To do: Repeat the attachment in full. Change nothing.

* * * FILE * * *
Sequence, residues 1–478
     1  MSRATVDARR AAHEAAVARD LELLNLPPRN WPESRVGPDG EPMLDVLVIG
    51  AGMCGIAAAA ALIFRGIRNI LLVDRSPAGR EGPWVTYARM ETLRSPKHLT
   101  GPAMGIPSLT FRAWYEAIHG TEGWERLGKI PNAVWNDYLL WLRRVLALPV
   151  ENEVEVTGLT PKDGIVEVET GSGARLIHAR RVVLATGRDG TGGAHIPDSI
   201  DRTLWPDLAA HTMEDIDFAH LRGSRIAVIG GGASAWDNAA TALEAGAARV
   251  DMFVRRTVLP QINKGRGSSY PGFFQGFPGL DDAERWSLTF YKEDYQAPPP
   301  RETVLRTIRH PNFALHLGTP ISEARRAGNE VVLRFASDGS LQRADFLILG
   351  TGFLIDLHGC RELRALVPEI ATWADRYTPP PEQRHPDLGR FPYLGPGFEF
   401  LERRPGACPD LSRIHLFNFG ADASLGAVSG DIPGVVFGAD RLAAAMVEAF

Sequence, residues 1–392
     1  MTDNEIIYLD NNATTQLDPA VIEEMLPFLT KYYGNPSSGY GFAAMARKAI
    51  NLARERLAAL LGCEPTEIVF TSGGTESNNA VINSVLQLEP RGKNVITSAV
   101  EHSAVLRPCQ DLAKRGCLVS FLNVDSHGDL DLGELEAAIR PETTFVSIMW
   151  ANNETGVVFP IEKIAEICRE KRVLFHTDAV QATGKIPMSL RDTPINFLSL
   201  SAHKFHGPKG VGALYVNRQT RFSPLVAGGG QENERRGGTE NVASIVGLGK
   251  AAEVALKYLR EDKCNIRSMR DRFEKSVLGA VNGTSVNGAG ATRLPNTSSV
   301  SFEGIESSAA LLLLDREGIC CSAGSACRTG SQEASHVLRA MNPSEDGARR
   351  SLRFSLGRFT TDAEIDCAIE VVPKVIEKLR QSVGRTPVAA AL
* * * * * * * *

Sequence, residues 1–478
     1  MSRATVDARR AAHEAAVARD LELLNLPPRN WPESRVGPDG EPMLDVLVIG
    51  AGMCGIAAAA ALIFRGIRNI LLVDRSPAGR EGPWVTYARM ETLRSPKHLT
   101  GPAMGIPSLT FRAWYEAIHG TEGWERLGKI PNAVWNDYLL WLRRVLALPV
   151  ENEVEVTGLT PKDGIVEVET GSGARLIHAR RVVLATGRDG TGGAHIPDSI
   201  DRTLWPDLAA HTMEDIDFAH LRGSRIAVIG GGASAWDNAA TALEAGAARV
   251  DMFVRRTVLP QINKGRGSSY PGFFQGFPGL DDAERWSLTF YKEDYQAPPP
   301  RETVLRTIRH PNFALHLGTP ISEARRAGNE VVLRFASDGS LQRADFLILG
   351  TGFLIDLHGC RELRALVPEI ATWADRYTPP PEQRHPDLGR FPYLGPGFEF
   401  LERRPGACPD LSRIHLFNFG ADASLGAVSG DIPGVVFGAD RLAAAMVEAF

Sequence, residues 1–392
     1  MTDNEIIYLD NNATTQLDPA VIEEMLPFLT KYYGNPSSGY GFAAMARKAI
    51  NLARERLAAL LGCEPTEIVF TSGGTESNNA VINSVLQLEP RGKNVITSAV
   101  EHSAVLRPCQ DLAKRGCLVS FLNVDSHGDL DLGELEAAIR PETTFVSIMW
   151  ANNETGVVFP IEKIAEICRE KRVLFHTDAV QATGKIPMSL RDTPINFLSL
   201  SAHKFHGPKG VGALYVNRQT RFSPLVAGGG QENERRGGTE NVASIVGLGK
   251  AAEVALKYLR EDKCNIRSMR DRFEKSVLGA VNGTSVNGAG ATRLPNTSSV
   301  SFEGIESSAA LLLLDREGIC CSAGSACRTG SQEASHVLRA MNPSEDGARR
   351  SLRFSLGRFT TDAEIDCAIE VVPKVIEKLR QSVGRTPVAA AL